MORPETH CAMERA CLUB
On Tuesday, November 8, Morpeth Camera Club welcomed member Peter Downs, who gave a talk entitled What If and Why?
Peter, who settled in the area ten years ago from North Warwickshire, is also a member of Alnwick Camera Club.
He explained that he had a background in the arts, having been accepted at Slade to study fine art, and even though his career path led him into physiotherapy, he has never lost his love of art.
Advice passed on by his art tutor — see, look, observe and absorb — has been applied to his photography. He considers himself a picture maker, with the camera and computer just tools, a starting point, and its one’s vision through the lens which makes the picture.
He sees a subject and asks ‘what can I do with this?’. He stressed that it is important to observe objects and scenes, visualise, look deeply, absorb and use your imagination. In his opinion it is not important how or why one takes a photograph, it’s the end result that matters.
We saw examples of his ‘fractalius’ work, vibrantly coloured flowers, glowing daffodils and butterflies on buddleia, suggesting that by letting your imagination go wild one can enhance details in everyday subjects to create surreal works of art.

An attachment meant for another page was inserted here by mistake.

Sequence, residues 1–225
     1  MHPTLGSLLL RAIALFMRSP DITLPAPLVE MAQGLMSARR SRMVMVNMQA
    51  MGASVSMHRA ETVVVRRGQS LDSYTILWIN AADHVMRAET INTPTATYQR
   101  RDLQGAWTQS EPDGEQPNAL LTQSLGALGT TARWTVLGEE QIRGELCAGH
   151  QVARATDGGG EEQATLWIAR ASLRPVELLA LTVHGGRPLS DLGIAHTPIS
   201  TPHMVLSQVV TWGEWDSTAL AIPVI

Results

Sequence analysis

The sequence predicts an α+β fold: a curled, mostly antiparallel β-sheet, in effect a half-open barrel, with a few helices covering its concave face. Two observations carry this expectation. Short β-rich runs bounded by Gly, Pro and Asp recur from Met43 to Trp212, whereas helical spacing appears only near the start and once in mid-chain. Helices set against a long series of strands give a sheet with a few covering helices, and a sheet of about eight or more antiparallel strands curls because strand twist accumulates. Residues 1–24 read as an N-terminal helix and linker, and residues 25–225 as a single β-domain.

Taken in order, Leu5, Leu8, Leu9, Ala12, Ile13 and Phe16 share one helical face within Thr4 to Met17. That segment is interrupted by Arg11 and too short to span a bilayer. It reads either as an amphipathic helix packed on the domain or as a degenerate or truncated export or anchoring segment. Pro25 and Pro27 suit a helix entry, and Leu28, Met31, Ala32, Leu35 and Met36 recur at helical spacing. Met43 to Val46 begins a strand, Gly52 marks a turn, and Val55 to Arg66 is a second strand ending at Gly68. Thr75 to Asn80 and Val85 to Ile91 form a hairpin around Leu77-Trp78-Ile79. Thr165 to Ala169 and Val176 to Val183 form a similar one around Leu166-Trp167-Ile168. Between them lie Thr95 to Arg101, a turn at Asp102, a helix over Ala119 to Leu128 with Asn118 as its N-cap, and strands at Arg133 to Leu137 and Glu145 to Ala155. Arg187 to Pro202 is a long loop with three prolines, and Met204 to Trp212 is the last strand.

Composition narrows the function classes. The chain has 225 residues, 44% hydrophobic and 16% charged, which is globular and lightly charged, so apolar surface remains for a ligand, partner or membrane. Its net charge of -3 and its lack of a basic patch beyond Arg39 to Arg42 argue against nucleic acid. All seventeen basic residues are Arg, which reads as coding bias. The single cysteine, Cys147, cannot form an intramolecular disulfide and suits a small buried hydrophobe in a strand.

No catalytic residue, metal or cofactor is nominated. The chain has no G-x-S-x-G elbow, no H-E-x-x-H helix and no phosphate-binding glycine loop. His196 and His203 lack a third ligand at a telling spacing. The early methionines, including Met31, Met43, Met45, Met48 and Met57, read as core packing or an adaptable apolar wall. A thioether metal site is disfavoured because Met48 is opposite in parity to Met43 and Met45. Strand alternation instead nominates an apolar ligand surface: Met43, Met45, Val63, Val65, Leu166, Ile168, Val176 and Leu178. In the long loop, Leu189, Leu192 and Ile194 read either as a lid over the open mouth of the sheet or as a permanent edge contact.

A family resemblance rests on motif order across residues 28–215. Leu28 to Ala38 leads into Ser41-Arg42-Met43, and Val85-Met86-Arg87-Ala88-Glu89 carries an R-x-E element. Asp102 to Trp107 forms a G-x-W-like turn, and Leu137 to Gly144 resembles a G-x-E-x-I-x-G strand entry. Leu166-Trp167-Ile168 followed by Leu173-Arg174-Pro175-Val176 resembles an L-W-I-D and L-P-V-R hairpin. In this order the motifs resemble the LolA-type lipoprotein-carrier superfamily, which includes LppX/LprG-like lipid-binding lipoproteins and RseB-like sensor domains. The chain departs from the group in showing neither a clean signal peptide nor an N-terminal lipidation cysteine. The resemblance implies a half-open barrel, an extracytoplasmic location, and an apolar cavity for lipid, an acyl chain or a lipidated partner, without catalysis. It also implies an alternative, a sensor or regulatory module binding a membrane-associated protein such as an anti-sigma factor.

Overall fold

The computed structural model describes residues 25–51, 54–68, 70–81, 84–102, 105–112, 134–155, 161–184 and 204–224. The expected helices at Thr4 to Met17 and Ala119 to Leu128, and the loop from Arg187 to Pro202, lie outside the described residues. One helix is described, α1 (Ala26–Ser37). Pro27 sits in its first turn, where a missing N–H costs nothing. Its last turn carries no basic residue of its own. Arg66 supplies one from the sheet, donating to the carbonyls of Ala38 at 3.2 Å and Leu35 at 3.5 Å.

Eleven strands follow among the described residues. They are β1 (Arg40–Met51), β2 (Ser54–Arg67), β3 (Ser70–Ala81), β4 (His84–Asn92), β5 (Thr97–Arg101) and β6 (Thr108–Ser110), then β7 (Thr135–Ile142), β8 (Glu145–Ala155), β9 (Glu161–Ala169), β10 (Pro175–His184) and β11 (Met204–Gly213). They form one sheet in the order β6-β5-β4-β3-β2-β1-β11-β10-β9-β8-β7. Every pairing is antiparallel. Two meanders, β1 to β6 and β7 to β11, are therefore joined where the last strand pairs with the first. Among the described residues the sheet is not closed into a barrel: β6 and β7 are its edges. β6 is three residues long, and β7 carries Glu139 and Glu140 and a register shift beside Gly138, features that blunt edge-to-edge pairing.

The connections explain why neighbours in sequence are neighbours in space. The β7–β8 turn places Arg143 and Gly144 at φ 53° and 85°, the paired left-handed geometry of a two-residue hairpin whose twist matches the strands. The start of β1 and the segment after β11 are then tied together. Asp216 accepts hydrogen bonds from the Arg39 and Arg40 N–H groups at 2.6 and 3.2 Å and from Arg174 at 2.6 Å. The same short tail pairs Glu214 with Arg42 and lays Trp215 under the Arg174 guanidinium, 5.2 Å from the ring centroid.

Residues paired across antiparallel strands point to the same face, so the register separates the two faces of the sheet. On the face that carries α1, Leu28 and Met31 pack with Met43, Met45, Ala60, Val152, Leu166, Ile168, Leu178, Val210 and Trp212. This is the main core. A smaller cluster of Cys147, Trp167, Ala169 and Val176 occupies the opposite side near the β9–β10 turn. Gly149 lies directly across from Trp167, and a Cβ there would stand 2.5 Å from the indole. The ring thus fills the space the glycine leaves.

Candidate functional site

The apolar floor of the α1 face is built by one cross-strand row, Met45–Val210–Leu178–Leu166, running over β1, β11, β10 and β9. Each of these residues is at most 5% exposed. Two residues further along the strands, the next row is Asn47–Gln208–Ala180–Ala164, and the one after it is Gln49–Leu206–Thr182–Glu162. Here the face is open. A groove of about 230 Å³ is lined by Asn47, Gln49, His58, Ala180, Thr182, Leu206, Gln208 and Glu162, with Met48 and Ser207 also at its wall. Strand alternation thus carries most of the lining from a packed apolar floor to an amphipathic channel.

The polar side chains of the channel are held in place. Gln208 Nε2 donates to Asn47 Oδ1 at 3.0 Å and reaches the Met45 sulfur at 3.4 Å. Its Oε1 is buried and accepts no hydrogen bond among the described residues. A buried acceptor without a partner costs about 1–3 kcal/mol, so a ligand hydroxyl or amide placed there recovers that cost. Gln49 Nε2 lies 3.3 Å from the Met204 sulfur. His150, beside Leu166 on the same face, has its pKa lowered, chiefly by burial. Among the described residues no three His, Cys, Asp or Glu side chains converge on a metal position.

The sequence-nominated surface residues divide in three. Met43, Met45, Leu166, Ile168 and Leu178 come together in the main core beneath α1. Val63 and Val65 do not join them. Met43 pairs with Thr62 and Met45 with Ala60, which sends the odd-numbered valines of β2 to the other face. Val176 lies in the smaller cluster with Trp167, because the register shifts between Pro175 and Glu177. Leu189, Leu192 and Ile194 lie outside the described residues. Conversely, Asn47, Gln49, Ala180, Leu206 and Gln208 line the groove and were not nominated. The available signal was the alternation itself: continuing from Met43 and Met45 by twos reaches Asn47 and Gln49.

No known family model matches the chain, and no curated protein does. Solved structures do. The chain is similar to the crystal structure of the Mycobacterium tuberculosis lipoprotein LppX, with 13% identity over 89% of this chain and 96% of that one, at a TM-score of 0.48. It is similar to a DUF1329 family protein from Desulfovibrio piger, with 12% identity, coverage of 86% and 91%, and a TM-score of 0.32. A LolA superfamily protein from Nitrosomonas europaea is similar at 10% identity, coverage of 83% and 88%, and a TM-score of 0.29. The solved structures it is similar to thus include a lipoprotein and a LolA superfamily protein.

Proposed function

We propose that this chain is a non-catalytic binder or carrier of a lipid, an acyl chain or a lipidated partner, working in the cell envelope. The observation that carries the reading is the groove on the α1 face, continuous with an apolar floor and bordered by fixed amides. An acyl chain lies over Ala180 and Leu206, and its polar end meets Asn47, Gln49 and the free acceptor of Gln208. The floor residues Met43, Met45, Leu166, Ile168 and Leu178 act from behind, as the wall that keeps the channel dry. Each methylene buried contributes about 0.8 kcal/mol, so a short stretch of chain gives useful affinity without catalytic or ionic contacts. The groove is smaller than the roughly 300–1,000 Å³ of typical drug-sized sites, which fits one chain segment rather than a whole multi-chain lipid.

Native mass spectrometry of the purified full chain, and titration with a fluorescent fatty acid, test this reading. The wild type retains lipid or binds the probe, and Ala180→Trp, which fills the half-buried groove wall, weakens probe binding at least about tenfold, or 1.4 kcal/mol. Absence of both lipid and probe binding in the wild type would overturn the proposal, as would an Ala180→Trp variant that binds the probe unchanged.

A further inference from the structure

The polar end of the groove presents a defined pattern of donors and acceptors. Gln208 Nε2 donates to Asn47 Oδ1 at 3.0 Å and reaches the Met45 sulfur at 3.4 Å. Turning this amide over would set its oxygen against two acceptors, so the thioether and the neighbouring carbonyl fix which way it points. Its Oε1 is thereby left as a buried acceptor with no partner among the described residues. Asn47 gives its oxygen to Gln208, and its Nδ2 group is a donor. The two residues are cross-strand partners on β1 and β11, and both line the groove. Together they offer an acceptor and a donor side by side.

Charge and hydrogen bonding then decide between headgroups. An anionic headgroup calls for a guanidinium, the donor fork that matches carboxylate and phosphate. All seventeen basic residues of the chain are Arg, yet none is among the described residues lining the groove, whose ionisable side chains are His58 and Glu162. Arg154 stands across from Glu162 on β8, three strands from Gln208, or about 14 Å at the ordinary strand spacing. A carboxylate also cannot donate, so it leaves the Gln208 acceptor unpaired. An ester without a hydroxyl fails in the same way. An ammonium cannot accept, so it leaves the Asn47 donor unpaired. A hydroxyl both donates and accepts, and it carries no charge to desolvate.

In bad weather conditions, the use of software filters can bring out the detail in clouds, resulting in dramatic monochrome landscapes, and by converting photographs from colour to mono one can produce stunning alternatives.
Among Peter’s images, autumnal woodlands and sweeping moorland with rocky outcrops contrasted with massive cable laying ships and oil rigs. There were windows and doors with cobwebs, street scenes and candid shots of shoppers, farmers and spectators at sporting events.
He went on to discuss competitions and how some of his images do well at international level, but not at club level. Judging is subjective so don’t be discouraged, and if you don’t submit your work you don’t improve.
There are ‘fads’ or fashions in photography, which some try to emulate. Should we follow the crowd?
Should we purposely attempt to develop a personal style?
Peter thinks not, a personal style evolves through time and with constant use of your imagination. One can sift though photographic magazines which explain apertures and shutter speeds, but it is only with experience that you can achieve the results you want.
In conclusion he showed examples of his abstract work, of steps, chimneys, cranes and power lines, and stark simple images in strong monochrome.
Peter may call himself a picture maker, but the audience recognised the inner artist.
In a question and answer session he explained the use of cloning to remove unwanted distractions and ‘dodging and burning’ to darken and lighten areas.
The chairman thanked him for stressing the importance of observation, simplicity and imagination.